MOTIVATIONAL MONDAY – “There’s no crying in baseball.” Tom Hanks said it in A League of Their Own. I can’t remember the context and I really don’t care because it’s for the most part true, yet not always true depending on the circumstances. Not just for girls or women – but for all athletes.
I love it when a guy writes in his description of an ideal woman, which is says is “no drama.” (Whenever a guy writes this in his profile, to me, based on my experience, he loves drama. Yet that is another story.) I also don’t like it when coaches or people talking about coaching say that “girls just need to be treated differently.” I laugh. They don’t know what I’ve seen – grown men who sprain an ankle in a pick-up run, and you’d think by their screaming, shouting and crying reaction that we were going to have to do an amputation on the court. I vividly remember one good rec league player doing it at Northwestern – after he was dragged off, he ended up being on the next team on. I also vividly remember one of my early coaching jobs as a volunteer assistant to Lou Cioffi and his boy’s varsity team at Averill Park High School. I remember this one good, physical and emotional player, crying regularly in practice. I remember how dramatic it was and thinking, “When are we going to stop crying and start play basketball?”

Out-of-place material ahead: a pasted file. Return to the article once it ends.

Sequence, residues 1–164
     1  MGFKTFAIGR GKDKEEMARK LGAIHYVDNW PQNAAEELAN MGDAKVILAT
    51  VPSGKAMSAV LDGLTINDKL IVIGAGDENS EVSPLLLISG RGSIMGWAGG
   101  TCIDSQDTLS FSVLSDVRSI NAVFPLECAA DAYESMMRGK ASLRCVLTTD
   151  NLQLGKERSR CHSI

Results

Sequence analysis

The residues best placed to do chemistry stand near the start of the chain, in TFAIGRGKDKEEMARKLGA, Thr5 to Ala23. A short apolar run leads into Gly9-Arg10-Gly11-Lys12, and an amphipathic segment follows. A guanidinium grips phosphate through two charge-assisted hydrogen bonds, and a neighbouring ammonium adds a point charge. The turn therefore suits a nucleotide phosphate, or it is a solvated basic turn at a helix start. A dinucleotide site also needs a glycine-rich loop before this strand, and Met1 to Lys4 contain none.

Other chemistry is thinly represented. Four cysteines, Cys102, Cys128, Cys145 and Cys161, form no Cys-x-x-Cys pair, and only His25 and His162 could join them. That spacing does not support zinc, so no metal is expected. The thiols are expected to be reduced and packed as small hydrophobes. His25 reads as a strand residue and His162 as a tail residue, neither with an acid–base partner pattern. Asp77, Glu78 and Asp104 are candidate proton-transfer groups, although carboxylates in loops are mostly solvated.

So the crying part – well, the truth is there is room for it depending on the situation, and then there is no room for it. All of this is being written by a life-long and chronic Irish crier who knows when it should be permitted and when there should be a penalty for it.